The coarser your coffee grind, the longer it will take to extract the flavours. A coffee maker such as a French press or Aeropress is usually more forgiving because of this. Pick a coffee maker that makes it really easy to brew a good coffee. One that utilises a courser grind and creates a smoother coffee. If you use a finer grind (such as with espresso coffee), you may have less room for error.

Blend your coffee beans.

You may be considering robusta beans because they are cheaper but that does not mean you have to shun arabica all together. Why not blend the two together? 

Not only will it cut down on cost compared arabica only, the harshness of the robusta may add an interesting dimension when combined with its softer cousin. Start with a ratio of 80/20 with the robusta being the lower ratio of the two.

Consider your water temperature.

The hotter your water temperature when brewing, the faster your coffee will extract. Given that robusta is generally a more bitter coffee bean, you may want to brew it using lower water temperatures. It will make the process more forgiving and make it taste better. 

According to the National Coffee grinding association, the ideal water temperature is around 195 to 205F (around 90 to 96C). Start on the lower side and experiment from there. Alternatively, use a timer and let the water cool down for a minute. Let it cool down for longer if it still tastes too bitter.

Cold brew instead. 

As my cold brew French press guide points out, brewing your coffee at room temperature overnight is a fantastic way of bring out the mellow, more acidic flavours of coffee. Refrigerate it when done and what you are left with is a chilled and really concentrated drink of coffee. When you a ready to drink, simply dilute it with some liquid (I like to add ice cubes as well).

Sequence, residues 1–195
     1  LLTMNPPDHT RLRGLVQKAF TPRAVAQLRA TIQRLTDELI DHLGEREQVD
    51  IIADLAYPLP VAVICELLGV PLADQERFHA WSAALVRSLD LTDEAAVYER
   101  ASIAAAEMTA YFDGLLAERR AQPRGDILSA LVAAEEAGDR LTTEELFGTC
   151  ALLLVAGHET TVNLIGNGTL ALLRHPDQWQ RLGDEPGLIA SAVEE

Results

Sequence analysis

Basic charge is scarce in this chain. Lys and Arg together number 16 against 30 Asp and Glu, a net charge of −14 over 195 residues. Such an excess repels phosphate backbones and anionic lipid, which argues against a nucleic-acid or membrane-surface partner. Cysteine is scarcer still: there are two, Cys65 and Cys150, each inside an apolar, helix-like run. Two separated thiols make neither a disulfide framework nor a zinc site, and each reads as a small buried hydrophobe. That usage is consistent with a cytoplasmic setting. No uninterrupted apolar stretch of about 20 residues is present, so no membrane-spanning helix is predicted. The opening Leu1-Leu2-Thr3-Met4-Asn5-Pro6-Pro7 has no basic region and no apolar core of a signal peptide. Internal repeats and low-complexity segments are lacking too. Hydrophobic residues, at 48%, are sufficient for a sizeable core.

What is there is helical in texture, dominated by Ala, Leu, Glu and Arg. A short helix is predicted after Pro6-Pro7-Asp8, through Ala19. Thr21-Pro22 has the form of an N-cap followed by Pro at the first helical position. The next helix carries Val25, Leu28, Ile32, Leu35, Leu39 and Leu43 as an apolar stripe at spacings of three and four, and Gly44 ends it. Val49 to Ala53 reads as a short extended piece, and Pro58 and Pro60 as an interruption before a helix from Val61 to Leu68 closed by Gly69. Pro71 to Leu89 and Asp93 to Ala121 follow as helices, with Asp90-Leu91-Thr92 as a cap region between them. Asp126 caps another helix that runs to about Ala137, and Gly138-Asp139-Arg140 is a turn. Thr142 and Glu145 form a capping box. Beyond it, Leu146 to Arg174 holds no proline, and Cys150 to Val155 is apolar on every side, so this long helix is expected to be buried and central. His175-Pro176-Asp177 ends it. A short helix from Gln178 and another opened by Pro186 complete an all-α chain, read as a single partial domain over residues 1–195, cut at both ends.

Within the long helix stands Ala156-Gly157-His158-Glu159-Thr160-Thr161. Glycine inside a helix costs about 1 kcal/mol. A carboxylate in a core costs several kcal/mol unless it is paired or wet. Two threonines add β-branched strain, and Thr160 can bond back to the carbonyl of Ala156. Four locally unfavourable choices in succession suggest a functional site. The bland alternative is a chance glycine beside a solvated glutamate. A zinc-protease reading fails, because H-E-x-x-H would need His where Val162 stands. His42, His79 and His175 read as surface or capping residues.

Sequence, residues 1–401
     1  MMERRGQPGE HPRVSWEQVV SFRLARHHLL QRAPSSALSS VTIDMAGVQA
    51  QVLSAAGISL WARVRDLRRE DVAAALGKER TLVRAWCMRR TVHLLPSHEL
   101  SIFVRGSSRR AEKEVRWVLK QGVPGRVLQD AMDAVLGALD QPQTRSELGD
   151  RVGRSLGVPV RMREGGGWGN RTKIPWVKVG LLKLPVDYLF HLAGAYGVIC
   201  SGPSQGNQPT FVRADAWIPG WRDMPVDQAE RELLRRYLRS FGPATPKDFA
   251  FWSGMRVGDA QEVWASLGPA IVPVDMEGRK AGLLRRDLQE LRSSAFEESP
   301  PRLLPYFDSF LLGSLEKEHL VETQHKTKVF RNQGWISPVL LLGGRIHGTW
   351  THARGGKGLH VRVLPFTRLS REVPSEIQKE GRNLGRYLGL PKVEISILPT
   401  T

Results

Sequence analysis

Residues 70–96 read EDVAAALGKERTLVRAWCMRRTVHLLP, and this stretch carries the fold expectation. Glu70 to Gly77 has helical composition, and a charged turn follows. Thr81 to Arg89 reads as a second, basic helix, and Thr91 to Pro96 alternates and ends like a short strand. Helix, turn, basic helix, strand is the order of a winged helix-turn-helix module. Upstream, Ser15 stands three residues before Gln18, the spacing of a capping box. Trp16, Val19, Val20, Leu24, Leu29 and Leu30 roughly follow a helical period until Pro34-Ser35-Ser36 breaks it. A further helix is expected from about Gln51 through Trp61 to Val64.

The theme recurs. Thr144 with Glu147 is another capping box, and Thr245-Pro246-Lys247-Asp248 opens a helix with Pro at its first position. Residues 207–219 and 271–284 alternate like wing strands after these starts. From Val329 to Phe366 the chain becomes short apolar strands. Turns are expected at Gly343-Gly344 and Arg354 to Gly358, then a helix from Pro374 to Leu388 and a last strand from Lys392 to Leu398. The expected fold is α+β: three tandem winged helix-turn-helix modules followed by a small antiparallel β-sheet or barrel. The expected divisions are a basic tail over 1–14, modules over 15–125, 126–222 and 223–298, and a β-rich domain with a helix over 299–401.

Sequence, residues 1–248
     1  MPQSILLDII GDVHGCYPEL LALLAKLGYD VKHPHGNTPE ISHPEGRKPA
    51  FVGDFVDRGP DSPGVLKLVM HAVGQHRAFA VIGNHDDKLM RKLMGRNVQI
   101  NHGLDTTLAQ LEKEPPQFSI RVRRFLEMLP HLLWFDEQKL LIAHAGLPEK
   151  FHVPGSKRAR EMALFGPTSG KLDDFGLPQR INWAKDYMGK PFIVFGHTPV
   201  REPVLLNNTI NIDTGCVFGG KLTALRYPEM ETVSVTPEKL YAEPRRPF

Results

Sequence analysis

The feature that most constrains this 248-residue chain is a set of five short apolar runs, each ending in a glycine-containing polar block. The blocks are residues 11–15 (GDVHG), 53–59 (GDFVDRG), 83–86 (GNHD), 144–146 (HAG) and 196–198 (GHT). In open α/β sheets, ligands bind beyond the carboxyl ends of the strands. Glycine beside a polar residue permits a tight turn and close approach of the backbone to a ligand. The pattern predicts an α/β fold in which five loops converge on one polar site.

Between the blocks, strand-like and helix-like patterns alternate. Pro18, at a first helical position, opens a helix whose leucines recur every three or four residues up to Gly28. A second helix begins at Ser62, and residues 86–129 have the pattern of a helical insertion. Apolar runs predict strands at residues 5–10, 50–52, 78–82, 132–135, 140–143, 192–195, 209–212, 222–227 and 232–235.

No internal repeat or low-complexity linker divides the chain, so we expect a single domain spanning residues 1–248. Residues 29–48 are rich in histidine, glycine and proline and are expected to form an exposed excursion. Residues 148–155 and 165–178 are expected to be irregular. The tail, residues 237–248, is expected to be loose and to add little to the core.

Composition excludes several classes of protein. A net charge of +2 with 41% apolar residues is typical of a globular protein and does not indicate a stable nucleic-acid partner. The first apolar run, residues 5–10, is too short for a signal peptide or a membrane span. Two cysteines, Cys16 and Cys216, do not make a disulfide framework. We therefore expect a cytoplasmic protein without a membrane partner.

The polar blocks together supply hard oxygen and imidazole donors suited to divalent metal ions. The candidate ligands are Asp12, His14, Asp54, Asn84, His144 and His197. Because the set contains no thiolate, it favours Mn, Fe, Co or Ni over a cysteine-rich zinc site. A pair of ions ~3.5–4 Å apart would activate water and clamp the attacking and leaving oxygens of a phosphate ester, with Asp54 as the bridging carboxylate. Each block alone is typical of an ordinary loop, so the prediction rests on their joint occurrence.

Why would this work with robusta coffee beans? Well if you remember what I said earlier about coffee temperature then you will know that the hotter the water, the faster the flavour will extract. The net result of letting your ground robusta coffee brew in room temperature for several hours overnight is that less of the bitter flavours are extracted. You will be left with a coffee that tastes smoother and more enjoyable but highly concentrated with caffeine. 

What’s the best way of brewing? It depends on your needs.

Most people use robusta coffee as it is usually cheaper than arabica. If that is the reason and you are used to drinking instant, you may just want to put milk and sugar in your coffee and be happy with that. 

Alternatively, some of the tips and tricks I have shown you will go a long way to making sure you get the best coffee possible. Will it be enough? Well that depends largely on the quality of your coffee. 

In the end, the simplest way is to mix some arabica beans with robusta. That way you cut down on some costs by spreading out the use of the arabica beans. At the same time you add a bit more of a full bodied flavour to your coffee without compromising on the taste, provided you create the right blend. And if you plan to use robusta long term, the key to forming a long lasting habit is to do something you enjoy. After all, what other reason is there for drinking your favourite morning coffee?